Analysis: Strategic risk at Richmond key for track position, playoff survival
Richmond Raceway is a more challenging track than meets the eye, where its perceived parity — 12 winners in its last 17 events — somehow doesn’t signify competitive balance.
It’s a difficult track on which to pass, made problematic by the fine line for handling balance — loose is good on corner entry, but too loose on corner exit is a run-breaker. And when 37 teams are fighting battles within themselves, passing for position falls down the list of priorities. What looks uneventful to fans is often too eventful for the competitors.
This is why track position comes at a premium in tonight’s Federated Auto Parts 400 (7:30 p.m. ET on NBCSN). Crew chiefs, especially for playoff teams, will have plenty of strategic options at their disposal and for anyone lacking elite, race-winning speed, the more unconventional choices might provide the clearest path to a productive night.
One option for what we could see was a call that misfired earlier in the year on this very racetrack, which crew chief Jeremy Bullins attempted on behalf of Brad Keselowski.
Bullins’ gambit began on lap 181, the beginning of a second pit cycle — necessitated by the high lap-time degradation (1.5 seconds in extreme cases) on worn tires. Fuel not an issue, he chose to capture track position as cars peeled off of the track and onto pit road for fresh tires. Keselowski inherited the lead on lap 186. There’d be no caution flag, the stroke of good fortune that’d allow the No. 2 team to keep its track position. Instead, the remainder of the stage went green and Keselowski was caught and passed by Denny Hamlin and Martin Truex Jr. on lap 207.
From the start of the cycle through the stage’s conclusion, Keselowski’s track position pin-balled from fourth to first to 16th.
In hindsight, it was a call gone wrong, but the logic behind it makes it a little more acceptable. Keselowski had the 14th-fastest median lap time that afternoon and hit a high point with his fastest lap ranking as the 11th-quickest time among all drivers’ best laps. Thus, there was no evidence Keselowski had a possible winning race car.
Bullins’ bid was for clean air, track position and a caution flag, and the caution flag didn’t come. Keselowski finished 14th with the 14th-fastest car. On paper, it’s no harm, no foul, but in reality — certainly in real time — it was anguishing to watch.
The same stomach-churning calls could surface tonight in Richmond, especially from teams hovering near the playoff cut line.
A 155-lap second stage and a 165-lap final stage could play host to dueling green-flag pit strategies — two stops for tires vs. one — in which those attempting one stop will be forced into moments of discomfort and vulnerability, similar to Keselowski attempting to wheel a car 1.3 seconds slower per lap than his pursuers on fresher tires.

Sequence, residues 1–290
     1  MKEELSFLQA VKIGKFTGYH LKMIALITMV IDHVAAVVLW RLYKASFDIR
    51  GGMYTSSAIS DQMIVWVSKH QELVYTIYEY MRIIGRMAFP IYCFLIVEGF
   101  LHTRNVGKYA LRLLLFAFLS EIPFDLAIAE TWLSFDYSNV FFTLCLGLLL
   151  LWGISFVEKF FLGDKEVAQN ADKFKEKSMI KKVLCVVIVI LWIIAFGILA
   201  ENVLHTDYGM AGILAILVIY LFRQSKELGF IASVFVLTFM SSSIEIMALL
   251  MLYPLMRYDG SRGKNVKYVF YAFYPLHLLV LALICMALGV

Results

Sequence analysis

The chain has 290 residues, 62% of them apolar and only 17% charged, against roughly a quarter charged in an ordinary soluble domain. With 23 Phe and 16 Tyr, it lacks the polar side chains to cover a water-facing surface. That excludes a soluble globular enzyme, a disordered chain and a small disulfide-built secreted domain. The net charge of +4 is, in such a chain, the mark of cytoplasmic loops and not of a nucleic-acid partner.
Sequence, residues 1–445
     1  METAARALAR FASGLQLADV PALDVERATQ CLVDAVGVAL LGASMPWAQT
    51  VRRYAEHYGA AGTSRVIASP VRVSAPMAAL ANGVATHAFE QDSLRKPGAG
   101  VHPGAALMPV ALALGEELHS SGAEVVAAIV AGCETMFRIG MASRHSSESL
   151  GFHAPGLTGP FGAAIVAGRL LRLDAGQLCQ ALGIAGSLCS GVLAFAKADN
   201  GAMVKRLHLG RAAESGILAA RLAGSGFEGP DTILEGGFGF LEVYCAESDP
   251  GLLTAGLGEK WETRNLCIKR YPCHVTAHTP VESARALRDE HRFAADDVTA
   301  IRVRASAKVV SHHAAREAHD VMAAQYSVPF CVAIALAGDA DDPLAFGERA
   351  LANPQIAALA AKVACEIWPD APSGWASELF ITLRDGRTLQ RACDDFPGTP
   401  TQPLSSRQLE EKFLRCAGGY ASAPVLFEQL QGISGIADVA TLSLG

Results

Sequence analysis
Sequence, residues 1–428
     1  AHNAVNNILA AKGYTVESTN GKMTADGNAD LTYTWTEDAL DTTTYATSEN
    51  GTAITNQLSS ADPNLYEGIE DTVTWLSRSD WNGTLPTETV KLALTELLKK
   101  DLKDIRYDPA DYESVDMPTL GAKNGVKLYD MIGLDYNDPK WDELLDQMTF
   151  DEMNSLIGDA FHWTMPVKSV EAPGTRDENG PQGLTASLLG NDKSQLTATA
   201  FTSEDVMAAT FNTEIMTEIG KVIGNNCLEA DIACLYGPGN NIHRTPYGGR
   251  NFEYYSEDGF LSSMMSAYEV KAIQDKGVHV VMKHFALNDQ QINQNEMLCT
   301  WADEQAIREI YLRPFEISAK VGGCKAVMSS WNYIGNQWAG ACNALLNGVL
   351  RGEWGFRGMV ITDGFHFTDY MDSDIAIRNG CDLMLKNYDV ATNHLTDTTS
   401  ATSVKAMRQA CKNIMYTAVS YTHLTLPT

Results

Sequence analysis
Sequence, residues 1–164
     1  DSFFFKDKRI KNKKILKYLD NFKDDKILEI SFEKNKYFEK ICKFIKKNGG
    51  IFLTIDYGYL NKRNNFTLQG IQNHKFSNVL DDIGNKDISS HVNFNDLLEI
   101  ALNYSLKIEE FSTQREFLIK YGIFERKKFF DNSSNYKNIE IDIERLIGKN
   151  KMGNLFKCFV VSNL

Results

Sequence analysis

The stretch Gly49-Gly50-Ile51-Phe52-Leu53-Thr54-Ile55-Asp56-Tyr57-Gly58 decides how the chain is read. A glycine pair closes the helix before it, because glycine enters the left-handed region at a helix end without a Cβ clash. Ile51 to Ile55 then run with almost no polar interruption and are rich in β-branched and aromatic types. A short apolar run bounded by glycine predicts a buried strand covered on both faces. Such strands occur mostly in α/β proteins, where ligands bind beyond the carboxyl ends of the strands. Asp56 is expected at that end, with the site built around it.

But for Michael McDowell (20 points below the cut line), Kyle Busch (two points below), Tyler Reddick (on the cut line) and even Keselowski (12 points above but a poor speed ranking this season on 750-horsepower tracks), there may be no conventional path to contending in tonight’s race.
McDowell’s Front Row Motorsports team is self-aware, privy to its own shortcomings. Crew chief Drew Blickensderfer admitted to the team’s turn of focus at the end of the regular season toward the current playoff round and at Richmond in particular. What they lack is apparent, ranking 28th in average median lap time on 750-horsepower tracks, but their knack for (and success with) calculated risks is surely something that bodes well this evening.
Busch bluntly voiced his displeasure with his car last week at Darlington, but in respect to his team’s performance on shorter tracks, it’s nothing new. His car ranks as the eighth-fastest based on average median lap time and Richmond offers little salvation — it turned the seventh-fastest median lap in the spring race while its fastest lap ranked 11th among all drivers’ best.
Crew chief Ben Beshore’s strategy-planning at Pocono suggested he’s quick to pit off-sequence if outright winning speed isn’t present. Pitting askew from the leaders, he can tap into a driver whose position defending in traffic — Busch ranks fourth in surplus passing value this season — is among the best.
Points accumulation is the very method Reddick utilized to get into the playoffs. Barring a form of speed we haven’t seen from him this season — he had the 23rd-fastest car in Richmond’s spring race and ranks 14th in average median lap time on 750-horsepower tracks this season — this is also the method that will grant him first-round survival.
Richard Childress Racing, on behalf of Austin Dillon, called for a one-stop second stage and two-stop final stage in last year’s playoff race, a design that led to 51 points and a fourth-place finish, seven spots beyond his running position at the beginning of the second stage’s pit window.
Keselowski’s team has experienced a precipitous fall, from having the fastest car in last season’s finale at Phoenix to a car ranked as the 15th fastest on 750-horsepower tracks. Their seventh-place finish at Darlington without stage points was satisfactory due to the shortfalls of others, but Richmond likely presents the same challenge it did in the spring.
Without a different brand of speed and a low-volume caution trend that suppresses the driver’s restarting prowess, a strategy going against the grain of what’s popular has a place in Bullins’ playbook.
As we saw earlier this year, he’s willing and ready to use it.